7. IF YOU’RE SELF-EMPLOYED, BE METICULOUS ABOUT TRACKING YOUR BUSINESS-RELATED EXPENSES.

If you’re self-employed, you may be able to deduct home office expenses (a portion of your rent or utilities), car expenses (if you use a car for work), or health insurance, reducing the total amount of taxes you owe. Emily Kingan, an Enrolled Agent with the IRS and owner of Math LLC, stresses the importance of keeping good track of receipts. “Business-related expenses reduce your income dollar for dollar in most cases. Whether it is a business bank account, credit card, or simply a shoe box, keep all business-related spending and receipts in one place.” 

Kingan adds that it can be incredibly time consuming to track all your expenses if you use multiple accounts or mix business purchases with personal spending. “I think the best way to keep track is by having one bank account or credit card account that you use for all business spending. If you use cash for business spending, keep a logbook or a special place for your receipts.”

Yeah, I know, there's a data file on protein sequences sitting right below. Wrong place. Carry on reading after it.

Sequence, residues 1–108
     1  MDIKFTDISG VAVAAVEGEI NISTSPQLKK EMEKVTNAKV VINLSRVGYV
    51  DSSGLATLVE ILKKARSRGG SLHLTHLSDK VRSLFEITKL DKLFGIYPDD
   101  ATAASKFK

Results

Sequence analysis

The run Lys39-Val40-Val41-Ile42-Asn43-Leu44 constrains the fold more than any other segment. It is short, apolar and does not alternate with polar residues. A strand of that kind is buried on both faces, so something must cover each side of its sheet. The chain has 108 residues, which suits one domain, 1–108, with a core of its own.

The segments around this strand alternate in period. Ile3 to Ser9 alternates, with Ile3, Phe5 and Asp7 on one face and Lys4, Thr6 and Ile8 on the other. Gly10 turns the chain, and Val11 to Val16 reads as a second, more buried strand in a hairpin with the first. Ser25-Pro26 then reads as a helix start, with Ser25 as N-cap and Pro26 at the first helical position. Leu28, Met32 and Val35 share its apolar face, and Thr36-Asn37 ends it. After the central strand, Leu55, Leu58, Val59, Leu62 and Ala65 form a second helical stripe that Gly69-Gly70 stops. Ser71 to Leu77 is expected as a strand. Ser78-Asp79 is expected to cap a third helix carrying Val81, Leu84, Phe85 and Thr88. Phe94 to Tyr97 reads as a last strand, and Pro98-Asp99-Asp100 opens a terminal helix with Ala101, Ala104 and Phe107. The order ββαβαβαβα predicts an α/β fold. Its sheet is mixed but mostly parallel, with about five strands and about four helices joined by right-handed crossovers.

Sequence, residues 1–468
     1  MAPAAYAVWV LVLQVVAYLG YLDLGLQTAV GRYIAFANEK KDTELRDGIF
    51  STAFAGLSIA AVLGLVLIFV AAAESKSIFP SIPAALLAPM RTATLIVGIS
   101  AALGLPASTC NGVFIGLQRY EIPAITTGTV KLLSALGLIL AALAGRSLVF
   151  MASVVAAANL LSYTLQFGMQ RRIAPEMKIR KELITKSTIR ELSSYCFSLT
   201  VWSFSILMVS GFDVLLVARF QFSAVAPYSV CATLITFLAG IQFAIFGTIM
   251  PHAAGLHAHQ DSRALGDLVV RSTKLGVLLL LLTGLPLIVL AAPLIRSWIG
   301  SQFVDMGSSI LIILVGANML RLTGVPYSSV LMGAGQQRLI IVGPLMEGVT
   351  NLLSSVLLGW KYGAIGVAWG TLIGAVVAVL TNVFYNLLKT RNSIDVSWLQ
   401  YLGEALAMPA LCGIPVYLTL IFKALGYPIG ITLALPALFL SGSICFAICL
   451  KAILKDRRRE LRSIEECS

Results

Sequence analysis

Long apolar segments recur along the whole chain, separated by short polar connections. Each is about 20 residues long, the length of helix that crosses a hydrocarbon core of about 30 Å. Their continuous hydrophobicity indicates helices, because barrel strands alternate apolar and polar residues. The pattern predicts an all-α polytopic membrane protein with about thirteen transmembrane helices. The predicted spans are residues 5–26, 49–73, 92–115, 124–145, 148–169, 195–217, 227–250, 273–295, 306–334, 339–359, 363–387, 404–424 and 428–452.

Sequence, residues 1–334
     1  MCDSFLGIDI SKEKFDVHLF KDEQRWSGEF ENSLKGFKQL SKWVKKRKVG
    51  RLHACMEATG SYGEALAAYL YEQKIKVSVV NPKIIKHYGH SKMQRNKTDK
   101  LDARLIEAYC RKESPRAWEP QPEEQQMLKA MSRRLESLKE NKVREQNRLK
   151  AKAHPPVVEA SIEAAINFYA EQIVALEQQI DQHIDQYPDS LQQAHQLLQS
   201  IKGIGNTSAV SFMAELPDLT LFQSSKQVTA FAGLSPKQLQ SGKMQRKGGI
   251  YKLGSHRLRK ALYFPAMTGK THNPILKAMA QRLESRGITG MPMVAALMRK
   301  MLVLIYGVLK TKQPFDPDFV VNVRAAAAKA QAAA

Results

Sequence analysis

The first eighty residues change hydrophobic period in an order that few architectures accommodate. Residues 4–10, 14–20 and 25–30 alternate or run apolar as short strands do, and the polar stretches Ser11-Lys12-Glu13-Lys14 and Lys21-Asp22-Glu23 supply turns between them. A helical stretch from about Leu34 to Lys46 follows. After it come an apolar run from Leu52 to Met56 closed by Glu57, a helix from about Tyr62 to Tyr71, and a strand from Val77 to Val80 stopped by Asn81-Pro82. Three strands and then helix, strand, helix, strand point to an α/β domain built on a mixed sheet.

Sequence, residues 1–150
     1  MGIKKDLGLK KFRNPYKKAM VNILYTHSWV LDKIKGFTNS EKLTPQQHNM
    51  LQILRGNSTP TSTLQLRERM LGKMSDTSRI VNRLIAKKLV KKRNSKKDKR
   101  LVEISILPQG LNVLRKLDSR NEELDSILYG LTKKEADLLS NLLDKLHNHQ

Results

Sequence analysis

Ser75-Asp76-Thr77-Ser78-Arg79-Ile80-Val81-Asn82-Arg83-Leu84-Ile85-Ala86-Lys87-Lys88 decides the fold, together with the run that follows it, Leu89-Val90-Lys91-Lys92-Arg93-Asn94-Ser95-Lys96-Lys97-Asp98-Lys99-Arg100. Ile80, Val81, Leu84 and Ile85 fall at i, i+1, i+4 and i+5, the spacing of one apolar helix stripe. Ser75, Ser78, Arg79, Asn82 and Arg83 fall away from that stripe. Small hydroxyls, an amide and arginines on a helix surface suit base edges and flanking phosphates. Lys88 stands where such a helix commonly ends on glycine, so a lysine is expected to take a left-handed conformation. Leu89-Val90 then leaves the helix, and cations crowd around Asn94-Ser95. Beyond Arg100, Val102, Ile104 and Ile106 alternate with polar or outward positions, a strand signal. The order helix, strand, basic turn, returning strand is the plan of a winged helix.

8. YOU MIGHT NOT BE ABLE TO BENEFIT FROM THOSE TAX-DEDUCTIBLE DONATIONS TO CHARITY.

Just because a non-profit organization tells you that your donation is tax-deductible, it doesn't mean you'll necessarily be able to deduct it on your taxes. “While donations are technically tax-deductible, many young adults are not able to get any benefit from these donations in reality,” says Yoon.

When you file your taxes, you can either take the standard deduction, which is a lump sum reduction in your adjusted gross income, or you can itemize your deductions. Itemized deductions are things like mortgage interest, property tax payments, and charitable donations. Because most young people don’t own homes or have a high enough income, they might not see tax benefits from the charitable donations they give.

9. TECHNICALLY, APRIL 15 IS NOT THE FINAL DEADLINE TO FILE YOUR TAXES.

If you don’t think you can get your taxes done in time, the IRS will give you an automatic six month extension—until October 15—to actually file your taxes. The catch is that you must pay an estimate of what you think you owe by April 15. “Taxpayers have the option to extend their filing deadline to October 15 (or the following Monday if the fifteenth falls on a weekend). This is an extension to file, not an extension to pay,” cautions Kitchin.